The space shuttle itself was a scientific marvel. It required scientists and engineers to tackle tough problems, and their solutions led to advances in technology. The material used to insulate shuttles from extreme heat, for example, now protects NASCAR drivers. The shuttle's fuel pump inspired doctors to create a new device that helps people in heart failure. A lighting system used to help grow plants on the shuttle is now used to help treat brain tumors in children. Science on the shuttle is now used in infrared cameras, jewelry design and safety devices.
Science projects on the shuttle "showed people what was possible, and then people could improve equipment on the ground," says astronaut Janice Voss, who went on five shuttle missions, during which she circled the Earth 779 times.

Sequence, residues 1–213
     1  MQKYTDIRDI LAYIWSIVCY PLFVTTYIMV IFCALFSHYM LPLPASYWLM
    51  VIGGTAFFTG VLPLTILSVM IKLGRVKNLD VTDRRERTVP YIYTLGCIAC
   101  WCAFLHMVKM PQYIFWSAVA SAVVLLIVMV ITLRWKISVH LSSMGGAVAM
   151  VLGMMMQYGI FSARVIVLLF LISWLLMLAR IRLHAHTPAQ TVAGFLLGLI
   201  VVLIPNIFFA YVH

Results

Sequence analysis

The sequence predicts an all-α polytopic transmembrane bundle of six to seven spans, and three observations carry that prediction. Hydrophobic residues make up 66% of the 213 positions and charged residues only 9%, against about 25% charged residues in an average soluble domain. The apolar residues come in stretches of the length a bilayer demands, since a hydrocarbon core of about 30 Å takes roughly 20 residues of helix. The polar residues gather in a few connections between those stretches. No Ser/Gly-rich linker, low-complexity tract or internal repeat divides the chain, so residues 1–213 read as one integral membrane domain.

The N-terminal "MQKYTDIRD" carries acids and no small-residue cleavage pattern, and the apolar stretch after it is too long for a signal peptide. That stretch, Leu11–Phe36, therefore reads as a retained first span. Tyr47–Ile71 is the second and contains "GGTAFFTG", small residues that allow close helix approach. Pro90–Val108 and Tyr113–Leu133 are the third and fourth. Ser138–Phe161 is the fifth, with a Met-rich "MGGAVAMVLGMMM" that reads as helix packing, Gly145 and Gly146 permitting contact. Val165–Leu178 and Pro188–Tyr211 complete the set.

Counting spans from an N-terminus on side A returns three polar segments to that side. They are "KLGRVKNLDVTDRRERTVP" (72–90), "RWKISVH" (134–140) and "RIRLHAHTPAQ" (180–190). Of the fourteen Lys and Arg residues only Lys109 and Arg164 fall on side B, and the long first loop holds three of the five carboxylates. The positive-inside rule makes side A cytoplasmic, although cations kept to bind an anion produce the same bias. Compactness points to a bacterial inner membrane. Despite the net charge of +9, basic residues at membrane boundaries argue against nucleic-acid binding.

Astronaut Crippen says the shuttle program gave science a boost. "People going to war drives technology, but it's better to do it with a peaceful endeavor like flying people into space," he says. "It brings the world together. The more we work together with other nations, the better off the world will be."
The shuttle played an important role in two of the biggest space projects to date: the Hubble Space Telescope and the International Space Station (ISS).